Women who say they were sexually harassed or mistreated by powerful men in television news have banded together to form a support network aimed at changing a newsroom culture they say has given men a free pass to misbehave for decades.
The women behind the Press Forward initiative tell The Associated Press they want a zero-tolerance policy for sexual misconduct at networks, better awareness of legal rights for women coming into the industry and better accountability for executives to ensure safety and improvements.
"Women should not have to go to work and worry that something like this is going to happen to them," said Eleanor McManus, who said she was a 21-year-old job seeker when then-ABC News political reporter Mark Halperin tried to kiss her during a meeting in his office. "Women should not worry that mentors may act in an aggressive manner toward them. That's not fair."
U.S. & World
Press Forward evolved over the last two months after McManus and other women went public with allegations against Halperin, CBS and PBS host Charlie Rose and NBC's "Today" show host Matt Lauer, and others.
Halperin has said that he is "profoundly sorry for the pain and anguish" he has caused and, in reading the women's accounts, recognized "conduct for which I feel profound guilt and responsibility." Rose and Lauer have also offered apologies, while saying some the allegations are untrue. All have been fired.
This was the second wave of an industry-wide reckoning that began at Fox News with the removal last year of Fox News chief Roger Ailes and the dismissal in April of the network's star host Bill O'Reilly. But the most recent revelations came as many Hollywood and other media executives have faced allegations, and more network women have come forward.
At first, McManus and a small group shared stories and hugs over drinks. They kept in touch via text messages and private Facebook groups, including one called "The Silver Lining." Now they have reached out to other women with shared experiences to build a growing coalition.
"Nobody here is wallowing in their pain and anger," said Dianna Goldberg May, a former ABC News researcher who said Halperin demanded she close the door and sit on his lap in his office in the mid-1990s when she was 23. "We are doing something to effect positive change in the workplace."
The group's first mission: figuring out what's needed to make the television news business more equitable and effective. The women say they'll spend the next six months talking with everyone from interns to executives and designing best practices that tear down the status quo.
After Lauer's firing, NBC initiated a review of its handling of the matter and implemented in-person training on sexual harassment awareness and appropriate behavior in the workplace.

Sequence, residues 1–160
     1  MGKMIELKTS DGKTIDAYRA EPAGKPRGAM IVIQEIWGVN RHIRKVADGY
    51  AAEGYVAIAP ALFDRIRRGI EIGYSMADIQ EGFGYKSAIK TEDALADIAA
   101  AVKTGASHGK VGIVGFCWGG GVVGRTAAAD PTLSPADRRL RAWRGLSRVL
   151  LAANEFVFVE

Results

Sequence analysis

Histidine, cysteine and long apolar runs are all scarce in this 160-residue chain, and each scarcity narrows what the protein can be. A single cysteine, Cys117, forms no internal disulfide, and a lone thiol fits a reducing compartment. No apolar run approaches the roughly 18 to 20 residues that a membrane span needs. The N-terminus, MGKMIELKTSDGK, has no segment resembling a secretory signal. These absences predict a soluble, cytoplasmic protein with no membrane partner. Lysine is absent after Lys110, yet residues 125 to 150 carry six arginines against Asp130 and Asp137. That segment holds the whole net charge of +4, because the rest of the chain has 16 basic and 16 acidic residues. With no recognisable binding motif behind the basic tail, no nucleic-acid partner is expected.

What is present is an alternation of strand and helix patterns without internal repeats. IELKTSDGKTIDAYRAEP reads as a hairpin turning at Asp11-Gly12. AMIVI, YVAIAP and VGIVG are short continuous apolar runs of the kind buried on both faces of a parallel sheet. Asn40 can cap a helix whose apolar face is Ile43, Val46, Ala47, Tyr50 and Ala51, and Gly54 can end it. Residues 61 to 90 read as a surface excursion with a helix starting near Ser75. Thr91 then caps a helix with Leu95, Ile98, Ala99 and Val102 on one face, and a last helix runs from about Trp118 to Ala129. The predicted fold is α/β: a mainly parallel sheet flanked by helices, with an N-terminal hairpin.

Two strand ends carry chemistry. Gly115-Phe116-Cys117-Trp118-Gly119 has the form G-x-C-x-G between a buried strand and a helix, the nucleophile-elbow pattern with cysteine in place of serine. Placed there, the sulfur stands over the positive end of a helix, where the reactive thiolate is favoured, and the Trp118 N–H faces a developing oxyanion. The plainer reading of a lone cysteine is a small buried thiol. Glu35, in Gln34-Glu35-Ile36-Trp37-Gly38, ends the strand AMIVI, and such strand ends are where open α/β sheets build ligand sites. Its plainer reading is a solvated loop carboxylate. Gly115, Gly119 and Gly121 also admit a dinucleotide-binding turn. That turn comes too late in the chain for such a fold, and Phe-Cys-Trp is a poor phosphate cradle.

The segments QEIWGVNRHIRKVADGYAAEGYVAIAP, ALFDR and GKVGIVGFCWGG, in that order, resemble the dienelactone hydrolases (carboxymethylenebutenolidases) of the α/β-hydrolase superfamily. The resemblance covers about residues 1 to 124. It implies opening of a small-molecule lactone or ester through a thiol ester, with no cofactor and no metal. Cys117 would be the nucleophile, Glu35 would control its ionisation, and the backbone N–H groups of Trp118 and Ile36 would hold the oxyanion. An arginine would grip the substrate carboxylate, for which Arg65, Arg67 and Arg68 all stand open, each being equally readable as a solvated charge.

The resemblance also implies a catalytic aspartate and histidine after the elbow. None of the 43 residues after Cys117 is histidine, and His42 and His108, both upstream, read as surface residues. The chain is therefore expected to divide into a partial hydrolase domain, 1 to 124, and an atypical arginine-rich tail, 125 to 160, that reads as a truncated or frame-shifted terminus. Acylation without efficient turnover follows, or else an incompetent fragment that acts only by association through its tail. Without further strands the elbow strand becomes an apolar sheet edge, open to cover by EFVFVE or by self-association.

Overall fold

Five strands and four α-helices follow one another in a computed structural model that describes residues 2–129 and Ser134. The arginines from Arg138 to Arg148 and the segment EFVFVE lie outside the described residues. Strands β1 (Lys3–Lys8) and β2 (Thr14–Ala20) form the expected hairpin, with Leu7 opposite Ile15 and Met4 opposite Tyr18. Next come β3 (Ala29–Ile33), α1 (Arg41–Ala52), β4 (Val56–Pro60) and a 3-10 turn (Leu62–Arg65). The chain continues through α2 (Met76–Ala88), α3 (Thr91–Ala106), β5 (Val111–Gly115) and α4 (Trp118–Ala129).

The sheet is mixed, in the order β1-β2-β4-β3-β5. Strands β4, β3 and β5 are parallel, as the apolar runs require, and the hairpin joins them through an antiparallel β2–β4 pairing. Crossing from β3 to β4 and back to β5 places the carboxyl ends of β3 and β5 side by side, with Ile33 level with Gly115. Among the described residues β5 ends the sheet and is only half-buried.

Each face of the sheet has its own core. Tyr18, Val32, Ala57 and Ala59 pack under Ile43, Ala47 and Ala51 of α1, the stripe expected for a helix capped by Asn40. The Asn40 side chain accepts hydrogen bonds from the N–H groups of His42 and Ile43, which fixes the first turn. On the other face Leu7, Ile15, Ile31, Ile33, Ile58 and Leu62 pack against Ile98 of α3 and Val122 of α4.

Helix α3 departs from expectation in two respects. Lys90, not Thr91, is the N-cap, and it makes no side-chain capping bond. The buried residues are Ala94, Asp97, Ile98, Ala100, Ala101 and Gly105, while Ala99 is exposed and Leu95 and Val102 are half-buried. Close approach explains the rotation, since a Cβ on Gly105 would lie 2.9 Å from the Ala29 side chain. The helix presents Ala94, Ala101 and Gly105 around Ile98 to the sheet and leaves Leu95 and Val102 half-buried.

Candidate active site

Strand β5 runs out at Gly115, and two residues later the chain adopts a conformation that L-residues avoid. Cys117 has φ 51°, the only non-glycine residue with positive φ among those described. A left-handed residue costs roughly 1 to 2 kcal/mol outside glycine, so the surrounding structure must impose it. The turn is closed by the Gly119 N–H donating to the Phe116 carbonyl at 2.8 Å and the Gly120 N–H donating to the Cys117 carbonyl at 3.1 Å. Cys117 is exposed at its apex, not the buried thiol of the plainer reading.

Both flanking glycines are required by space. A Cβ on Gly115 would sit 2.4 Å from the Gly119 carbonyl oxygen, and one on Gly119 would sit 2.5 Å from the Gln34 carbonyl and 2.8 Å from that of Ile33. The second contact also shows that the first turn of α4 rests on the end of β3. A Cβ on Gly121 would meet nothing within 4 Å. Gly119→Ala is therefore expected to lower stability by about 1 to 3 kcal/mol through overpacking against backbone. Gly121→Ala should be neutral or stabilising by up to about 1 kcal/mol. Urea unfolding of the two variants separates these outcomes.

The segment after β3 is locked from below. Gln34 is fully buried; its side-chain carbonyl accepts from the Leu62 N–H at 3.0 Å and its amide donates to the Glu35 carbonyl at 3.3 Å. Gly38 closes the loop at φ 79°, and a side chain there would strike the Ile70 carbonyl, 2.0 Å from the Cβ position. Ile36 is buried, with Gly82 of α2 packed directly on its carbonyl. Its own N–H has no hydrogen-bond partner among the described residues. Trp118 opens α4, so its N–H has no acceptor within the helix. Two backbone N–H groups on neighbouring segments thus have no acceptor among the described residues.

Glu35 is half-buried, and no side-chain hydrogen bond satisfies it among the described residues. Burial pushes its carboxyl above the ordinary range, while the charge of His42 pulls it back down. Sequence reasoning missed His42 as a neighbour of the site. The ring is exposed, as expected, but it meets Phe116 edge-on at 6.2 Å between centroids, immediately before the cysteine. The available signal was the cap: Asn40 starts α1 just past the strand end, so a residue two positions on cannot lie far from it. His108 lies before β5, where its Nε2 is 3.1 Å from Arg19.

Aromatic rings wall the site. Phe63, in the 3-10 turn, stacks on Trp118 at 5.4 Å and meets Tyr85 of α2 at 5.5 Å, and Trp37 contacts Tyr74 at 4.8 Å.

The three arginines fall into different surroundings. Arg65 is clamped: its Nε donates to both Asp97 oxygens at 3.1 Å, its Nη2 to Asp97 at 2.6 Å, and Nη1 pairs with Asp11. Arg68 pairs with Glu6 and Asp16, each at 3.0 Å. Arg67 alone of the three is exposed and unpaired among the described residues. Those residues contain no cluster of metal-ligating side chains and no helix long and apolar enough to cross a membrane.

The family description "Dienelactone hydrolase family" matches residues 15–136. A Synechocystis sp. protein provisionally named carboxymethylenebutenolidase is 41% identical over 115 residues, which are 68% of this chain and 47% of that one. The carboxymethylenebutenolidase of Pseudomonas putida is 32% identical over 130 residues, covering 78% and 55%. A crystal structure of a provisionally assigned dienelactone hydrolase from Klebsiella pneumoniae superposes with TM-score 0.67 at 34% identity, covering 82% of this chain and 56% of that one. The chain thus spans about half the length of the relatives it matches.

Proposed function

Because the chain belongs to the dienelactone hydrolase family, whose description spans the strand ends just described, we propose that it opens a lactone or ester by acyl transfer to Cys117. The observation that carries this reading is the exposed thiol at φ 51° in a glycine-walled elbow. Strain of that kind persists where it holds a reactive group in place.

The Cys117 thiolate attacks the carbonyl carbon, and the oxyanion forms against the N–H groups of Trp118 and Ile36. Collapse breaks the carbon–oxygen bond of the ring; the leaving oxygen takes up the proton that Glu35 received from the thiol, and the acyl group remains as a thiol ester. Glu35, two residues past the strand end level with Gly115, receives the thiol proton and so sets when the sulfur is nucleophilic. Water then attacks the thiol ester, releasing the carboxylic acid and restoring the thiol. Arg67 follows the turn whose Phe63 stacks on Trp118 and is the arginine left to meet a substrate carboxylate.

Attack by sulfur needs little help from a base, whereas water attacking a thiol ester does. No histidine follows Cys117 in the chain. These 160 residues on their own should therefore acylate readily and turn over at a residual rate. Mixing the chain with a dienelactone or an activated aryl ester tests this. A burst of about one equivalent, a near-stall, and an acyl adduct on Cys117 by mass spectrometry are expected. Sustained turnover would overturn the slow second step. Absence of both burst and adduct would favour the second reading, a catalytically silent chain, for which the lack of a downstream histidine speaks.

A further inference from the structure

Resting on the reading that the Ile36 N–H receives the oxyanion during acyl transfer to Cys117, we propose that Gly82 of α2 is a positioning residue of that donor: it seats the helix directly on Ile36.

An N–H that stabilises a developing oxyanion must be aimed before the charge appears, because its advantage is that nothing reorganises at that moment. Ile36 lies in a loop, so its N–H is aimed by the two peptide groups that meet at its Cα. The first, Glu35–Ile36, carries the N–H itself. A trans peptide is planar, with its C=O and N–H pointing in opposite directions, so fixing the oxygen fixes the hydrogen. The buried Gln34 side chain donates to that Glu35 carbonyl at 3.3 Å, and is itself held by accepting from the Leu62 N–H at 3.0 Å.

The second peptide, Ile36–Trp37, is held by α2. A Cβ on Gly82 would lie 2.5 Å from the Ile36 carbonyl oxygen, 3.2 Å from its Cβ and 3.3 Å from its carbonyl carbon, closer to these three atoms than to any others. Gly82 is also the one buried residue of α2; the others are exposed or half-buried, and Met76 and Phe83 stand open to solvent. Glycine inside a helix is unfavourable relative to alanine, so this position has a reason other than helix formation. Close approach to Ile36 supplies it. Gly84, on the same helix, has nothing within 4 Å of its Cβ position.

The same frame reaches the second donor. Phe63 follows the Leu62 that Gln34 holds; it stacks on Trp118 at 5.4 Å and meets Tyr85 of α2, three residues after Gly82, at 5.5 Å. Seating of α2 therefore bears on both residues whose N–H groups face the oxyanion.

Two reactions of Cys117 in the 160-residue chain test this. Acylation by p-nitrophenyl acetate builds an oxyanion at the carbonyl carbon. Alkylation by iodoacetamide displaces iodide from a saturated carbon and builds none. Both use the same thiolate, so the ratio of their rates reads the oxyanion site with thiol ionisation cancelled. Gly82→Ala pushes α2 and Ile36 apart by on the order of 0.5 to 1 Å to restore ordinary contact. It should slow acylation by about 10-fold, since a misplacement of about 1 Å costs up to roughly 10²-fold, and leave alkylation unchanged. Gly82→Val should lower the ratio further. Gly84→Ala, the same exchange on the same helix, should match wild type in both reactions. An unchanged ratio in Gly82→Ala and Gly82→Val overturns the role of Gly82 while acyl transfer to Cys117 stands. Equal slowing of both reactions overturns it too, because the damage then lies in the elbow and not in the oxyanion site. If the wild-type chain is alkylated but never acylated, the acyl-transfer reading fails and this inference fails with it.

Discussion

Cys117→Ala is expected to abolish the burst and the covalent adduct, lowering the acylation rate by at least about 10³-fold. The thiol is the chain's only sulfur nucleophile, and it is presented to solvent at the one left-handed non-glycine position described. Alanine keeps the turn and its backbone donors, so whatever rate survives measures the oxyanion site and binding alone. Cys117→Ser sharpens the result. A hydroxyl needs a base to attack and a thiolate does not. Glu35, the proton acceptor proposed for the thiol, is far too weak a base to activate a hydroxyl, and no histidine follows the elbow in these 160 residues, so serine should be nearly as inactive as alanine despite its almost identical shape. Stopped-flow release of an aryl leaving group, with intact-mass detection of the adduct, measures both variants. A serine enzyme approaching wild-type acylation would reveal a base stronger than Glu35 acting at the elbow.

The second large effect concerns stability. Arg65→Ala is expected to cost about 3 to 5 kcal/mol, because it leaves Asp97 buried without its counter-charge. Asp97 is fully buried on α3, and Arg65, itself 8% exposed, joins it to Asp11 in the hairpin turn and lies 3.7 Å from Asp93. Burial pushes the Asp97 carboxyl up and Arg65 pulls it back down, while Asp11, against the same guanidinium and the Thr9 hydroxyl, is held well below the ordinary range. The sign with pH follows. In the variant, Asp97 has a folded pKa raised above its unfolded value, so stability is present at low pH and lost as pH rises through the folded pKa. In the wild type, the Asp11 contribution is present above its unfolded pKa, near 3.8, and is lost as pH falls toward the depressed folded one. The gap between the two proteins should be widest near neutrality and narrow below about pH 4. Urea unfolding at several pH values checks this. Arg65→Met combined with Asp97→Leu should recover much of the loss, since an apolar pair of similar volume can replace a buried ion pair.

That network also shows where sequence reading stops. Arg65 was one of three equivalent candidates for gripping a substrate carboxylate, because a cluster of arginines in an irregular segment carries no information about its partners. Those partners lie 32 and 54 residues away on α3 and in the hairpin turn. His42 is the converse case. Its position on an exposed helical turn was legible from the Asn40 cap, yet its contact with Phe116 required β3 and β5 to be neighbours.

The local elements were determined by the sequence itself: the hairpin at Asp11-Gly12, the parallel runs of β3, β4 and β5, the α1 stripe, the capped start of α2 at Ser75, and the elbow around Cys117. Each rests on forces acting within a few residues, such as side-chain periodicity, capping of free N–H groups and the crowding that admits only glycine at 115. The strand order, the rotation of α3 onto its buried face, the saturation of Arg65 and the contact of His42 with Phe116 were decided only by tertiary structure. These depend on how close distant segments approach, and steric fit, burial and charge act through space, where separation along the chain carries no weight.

McManus said some of the networks have already expressed an interest in working with Press Forward.
"There are many reasons to have an industry-wide conversation about how we're doing and how we're living up to our norms," said McManus, a co-founder of the Washington, D.C. public relations firm Trident DMG. "This is, perhaps, the most pressing because this is about the shameful power imbalance that has been in place too long."
They already have plenty of ideas.
May, now a lawyer, wants the government to give sexual harassment victims more time to file a complaint. Currently, they have up to 300 days.
McManus wants newsrooms to evolve so women at all levels are not afraid to report wrongdoing by a top anchor or producer.
"We stayed silent because we thought we were the only ones," said McManus. "We didn't think that this happened to others, and that's why we stayed silent so long. The cult of silence is finally broken."
Emily Miller tweeted that Halperin sexually assaulted her while she was a researcher at ABC News. Lara Setrakian was 24 when she says Halperin kissed and touched her while they talked politics in his office.
They said they learned later that some people at the network had been aware of Halperin's behavior, but that it didn't stop. Setrakian said Halperin's treatment of young women was considered an "open secret" in some circles.
"There's clearly a problem here," said Setrakian, now the chief executive of the digital media outlet News Deeply. "They should be launching rigorous investigations on how to fix the problem."
Changing the culture of television news so that men and women are on equal footing — with the same opportunities for advancement — is vital to ensuring its future, Setrakian said. That means not only eliminating the sexual misconduct that has caused scores of women to leave the industry, she said, but getting rid of double standards that judge women on their appearance.
"The current culture is muddling the meritocracy," Setrakian said. "It's pushing talented people out. It's allowing toxic behavior to affect the performance and contribution of certain colleagues. That's bad for business."
Marcy McGinnis, who worked her way from secretary to senior vice president at CBS News, said as much as women should be told what resources are available to them if there is an incident, men need to know how to act in the workplace.
"Then we wouldn't have to train women how to deal with it," said McGinnis, who now works at the Alan Alda Center for Communicating Science at Stony Brook University. "Why don't we go to the source and fix that?"